Fermentation is the “process of converting carbohydrates to alcohol or organic acids using microorganismsyeasts or bacteria—under anaerobic conditions.” (Wiki) A common practice with alcohol creation, the leavening of bread, and the preservation of sour foods with the production of lactic acid, such as in sauerkraut and yogurt.

I like this list because it covers a wide range of food types and let’s you pick. Kefir is pretty tasty, although I was afraid to drink it at first. Yogurt is great, just don’t get sugar loaded junk and make sure your gut can handle dairy and it’s derivatives.

There’s a lot of fiber in beans, pickles are awesome, and you’ll notice many of these foods are from the “old days”. Amazing how original nutritious and readily available foods and production methods are coming back.

I want to include this awesome chart I found to show the simple difference between these two types of consumables.

probiotics and prebiotics foods differences for Flaming Gut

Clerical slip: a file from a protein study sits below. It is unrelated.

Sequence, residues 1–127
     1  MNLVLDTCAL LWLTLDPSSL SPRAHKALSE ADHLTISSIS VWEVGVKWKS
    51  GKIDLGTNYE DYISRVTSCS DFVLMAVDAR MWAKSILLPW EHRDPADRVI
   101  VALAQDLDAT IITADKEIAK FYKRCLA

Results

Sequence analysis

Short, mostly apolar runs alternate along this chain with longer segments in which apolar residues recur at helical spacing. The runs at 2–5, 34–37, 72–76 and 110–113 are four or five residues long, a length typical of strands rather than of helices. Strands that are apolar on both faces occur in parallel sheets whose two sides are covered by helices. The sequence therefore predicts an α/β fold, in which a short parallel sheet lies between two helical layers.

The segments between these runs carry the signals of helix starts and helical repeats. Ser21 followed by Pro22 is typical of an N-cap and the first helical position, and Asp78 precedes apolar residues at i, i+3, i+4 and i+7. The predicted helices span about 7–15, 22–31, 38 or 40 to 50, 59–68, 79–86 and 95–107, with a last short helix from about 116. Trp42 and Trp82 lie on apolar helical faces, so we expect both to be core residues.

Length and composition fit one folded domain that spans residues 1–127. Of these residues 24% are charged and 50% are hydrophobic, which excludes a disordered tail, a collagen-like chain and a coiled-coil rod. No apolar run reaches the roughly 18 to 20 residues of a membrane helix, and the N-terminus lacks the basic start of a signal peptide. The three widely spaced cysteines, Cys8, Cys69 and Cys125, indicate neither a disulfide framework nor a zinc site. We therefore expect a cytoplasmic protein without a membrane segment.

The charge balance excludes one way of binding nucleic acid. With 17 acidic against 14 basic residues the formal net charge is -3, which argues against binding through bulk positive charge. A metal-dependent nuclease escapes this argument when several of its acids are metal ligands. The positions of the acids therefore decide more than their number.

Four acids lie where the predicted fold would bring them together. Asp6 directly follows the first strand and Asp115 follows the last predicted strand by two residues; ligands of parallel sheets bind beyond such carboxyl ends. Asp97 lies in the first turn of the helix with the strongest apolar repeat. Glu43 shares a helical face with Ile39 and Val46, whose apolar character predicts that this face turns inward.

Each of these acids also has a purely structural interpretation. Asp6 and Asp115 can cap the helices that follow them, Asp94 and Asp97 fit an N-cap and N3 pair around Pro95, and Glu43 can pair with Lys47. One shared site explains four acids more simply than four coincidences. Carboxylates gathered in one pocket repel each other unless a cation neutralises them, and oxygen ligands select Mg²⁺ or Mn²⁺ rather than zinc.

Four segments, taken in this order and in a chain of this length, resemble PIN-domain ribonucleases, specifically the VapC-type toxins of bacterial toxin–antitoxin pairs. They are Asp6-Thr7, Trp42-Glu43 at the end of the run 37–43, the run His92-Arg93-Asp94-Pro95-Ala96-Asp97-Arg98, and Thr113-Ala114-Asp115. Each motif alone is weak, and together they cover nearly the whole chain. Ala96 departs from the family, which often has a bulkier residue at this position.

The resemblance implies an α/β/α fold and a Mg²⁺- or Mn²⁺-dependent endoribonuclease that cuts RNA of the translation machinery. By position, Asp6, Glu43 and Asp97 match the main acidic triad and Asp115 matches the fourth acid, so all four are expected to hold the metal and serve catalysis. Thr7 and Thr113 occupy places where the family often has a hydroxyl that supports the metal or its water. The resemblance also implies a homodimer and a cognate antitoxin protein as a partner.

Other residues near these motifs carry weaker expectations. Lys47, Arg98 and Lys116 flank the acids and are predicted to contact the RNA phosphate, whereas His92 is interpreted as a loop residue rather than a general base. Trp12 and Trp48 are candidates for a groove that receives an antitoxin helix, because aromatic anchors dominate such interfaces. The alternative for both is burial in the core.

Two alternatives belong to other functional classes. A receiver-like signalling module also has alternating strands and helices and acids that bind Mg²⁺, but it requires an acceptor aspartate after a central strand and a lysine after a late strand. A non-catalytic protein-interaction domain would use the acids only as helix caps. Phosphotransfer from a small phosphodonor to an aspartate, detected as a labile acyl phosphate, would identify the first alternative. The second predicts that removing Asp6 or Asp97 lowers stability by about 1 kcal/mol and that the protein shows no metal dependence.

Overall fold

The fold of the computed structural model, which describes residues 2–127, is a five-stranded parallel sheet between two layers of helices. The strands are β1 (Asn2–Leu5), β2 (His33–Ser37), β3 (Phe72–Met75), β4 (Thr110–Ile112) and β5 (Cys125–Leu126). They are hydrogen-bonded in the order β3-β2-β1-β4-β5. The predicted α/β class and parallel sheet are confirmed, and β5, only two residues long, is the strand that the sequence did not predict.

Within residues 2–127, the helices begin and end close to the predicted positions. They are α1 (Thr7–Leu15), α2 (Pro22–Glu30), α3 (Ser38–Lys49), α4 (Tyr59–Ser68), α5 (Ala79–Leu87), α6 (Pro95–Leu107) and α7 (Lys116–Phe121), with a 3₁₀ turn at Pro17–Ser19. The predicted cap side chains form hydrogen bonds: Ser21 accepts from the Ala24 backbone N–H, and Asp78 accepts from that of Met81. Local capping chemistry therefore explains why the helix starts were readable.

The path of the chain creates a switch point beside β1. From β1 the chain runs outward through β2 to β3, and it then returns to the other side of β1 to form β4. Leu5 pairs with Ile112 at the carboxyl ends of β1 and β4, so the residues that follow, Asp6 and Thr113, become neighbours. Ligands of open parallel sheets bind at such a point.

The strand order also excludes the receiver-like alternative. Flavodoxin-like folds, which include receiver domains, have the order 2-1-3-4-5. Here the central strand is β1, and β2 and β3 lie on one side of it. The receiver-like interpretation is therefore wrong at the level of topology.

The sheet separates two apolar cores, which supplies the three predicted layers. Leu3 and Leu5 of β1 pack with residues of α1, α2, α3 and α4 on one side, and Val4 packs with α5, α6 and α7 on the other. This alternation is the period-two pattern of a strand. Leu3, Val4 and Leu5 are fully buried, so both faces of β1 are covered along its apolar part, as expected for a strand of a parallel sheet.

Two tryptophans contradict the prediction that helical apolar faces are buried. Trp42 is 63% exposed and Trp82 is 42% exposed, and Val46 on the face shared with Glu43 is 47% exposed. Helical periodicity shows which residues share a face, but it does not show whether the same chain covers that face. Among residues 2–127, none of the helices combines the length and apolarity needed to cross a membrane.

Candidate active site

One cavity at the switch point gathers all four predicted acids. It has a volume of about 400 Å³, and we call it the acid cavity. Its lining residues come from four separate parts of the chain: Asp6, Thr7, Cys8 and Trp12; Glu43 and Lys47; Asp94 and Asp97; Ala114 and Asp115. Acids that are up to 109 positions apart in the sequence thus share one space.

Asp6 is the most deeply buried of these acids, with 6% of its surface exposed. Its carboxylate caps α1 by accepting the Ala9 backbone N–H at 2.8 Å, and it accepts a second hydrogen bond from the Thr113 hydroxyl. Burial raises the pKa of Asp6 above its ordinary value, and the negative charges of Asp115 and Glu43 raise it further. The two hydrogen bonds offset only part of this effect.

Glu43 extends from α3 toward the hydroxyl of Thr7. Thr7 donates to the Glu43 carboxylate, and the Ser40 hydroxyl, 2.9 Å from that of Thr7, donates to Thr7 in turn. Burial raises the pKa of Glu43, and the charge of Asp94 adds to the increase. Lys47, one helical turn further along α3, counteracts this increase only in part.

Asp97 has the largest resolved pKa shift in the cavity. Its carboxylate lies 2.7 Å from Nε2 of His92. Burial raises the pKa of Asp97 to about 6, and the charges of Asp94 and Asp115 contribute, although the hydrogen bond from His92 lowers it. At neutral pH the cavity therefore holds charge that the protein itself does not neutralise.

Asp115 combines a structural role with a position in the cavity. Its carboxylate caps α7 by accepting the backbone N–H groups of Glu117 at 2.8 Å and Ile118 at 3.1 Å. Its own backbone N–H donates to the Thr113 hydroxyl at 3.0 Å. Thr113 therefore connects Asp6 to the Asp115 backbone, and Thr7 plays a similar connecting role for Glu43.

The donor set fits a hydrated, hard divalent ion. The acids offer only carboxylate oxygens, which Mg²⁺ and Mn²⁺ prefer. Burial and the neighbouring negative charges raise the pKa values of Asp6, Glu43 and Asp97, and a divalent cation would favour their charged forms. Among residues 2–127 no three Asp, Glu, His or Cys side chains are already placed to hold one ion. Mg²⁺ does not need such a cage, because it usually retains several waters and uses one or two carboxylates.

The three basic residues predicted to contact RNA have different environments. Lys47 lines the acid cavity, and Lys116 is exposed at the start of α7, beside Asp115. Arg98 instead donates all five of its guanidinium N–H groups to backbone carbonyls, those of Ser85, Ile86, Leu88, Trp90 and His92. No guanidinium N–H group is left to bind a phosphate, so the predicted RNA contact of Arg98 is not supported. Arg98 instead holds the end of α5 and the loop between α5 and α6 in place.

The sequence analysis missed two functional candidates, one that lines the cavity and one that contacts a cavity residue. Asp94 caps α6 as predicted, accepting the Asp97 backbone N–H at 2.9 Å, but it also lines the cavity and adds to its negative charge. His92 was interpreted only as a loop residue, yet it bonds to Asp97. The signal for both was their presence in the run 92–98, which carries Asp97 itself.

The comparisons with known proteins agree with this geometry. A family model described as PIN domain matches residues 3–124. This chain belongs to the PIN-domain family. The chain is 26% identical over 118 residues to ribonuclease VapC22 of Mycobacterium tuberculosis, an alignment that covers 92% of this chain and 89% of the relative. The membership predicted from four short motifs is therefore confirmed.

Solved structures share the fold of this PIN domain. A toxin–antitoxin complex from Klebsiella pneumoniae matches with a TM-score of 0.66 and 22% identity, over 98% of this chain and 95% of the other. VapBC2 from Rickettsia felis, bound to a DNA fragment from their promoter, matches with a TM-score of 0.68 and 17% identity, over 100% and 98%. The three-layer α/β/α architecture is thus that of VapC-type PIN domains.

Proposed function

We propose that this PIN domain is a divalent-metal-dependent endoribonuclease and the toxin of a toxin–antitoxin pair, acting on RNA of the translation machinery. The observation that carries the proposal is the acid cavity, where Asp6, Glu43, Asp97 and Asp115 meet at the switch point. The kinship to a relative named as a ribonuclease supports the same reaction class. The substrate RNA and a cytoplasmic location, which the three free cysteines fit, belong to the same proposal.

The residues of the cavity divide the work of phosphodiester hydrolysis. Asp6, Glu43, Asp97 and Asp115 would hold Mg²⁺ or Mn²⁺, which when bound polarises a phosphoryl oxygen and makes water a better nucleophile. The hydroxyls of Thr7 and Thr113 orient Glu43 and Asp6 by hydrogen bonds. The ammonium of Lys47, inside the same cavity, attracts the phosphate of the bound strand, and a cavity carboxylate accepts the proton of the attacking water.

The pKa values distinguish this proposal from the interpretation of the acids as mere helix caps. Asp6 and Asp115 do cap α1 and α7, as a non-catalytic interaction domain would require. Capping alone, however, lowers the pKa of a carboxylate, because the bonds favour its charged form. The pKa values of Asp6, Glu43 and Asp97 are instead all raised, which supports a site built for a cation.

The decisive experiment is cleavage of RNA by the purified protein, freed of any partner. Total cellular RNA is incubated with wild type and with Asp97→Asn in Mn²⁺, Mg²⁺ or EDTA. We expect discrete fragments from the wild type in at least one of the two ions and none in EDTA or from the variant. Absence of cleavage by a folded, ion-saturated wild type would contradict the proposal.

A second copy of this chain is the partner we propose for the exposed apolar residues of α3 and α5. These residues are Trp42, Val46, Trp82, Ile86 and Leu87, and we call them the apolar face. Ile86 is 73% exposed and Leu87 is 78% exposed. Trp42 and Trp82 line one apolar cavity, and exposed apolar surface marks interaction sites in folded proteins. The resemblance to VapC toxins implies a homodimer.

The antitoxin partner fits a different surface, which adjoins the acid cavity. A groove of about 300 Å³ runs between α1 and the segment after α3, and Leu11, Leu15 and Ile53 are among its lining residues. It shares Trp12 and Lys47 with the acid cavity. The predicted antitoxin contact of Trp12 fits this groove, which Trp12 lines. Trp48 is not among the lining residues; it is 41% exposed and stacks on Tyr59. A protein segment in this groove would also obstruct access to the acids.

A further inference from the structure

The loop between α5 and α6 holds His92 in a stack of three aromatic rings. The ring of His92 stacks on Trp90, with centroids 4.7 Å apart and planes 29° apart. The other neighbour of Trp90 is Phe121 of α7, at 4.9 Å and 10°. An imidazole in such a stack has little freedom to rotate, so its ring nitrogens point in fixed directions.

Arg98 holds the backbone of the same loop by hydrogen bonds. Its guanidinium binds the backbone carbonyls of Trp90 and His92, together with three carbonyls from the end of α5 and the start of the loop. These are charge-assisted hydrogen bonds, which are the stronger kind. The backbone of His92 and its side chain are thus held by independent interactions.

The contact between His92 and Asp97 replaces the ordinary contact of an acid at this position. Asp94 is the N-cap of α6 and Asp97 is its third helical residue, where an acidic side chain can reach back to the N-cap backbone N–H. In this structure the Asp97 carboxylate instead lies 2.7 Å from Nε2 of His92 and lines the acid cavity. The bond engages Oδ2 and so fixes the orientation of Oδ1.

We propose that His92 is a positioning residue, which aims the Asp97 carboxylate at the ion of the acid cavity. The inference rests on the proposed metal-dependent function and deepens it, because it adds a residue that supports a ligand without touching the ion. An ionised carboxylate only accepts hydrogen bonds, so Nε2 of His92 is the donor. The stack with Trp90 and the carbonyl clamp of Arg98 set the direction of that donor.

Source on Slideshare

Prebiotic Foods

Prebiotics are substances that help the growth or activity of microorganisms (e.g., bacteria and fungi). In turn that growth or activity contributes to the well-being of the host.

Roberfroid offered a refined definition in the March 2007 Journal of Nutrition[4] stating: “A prebiotic is a selectively fermented ingredient that allows specific changes, both in the composition and/or activity in the gastrointestinal microflora that confers benefits upon host well-being and health.”

These are the foods that help us nourish and foster good bacteria in the gut aiding gut health. Eat these and the good bacteria strains will grow more plentiful for you. All the while antigens in the blood and gut will be choked out and kept in check.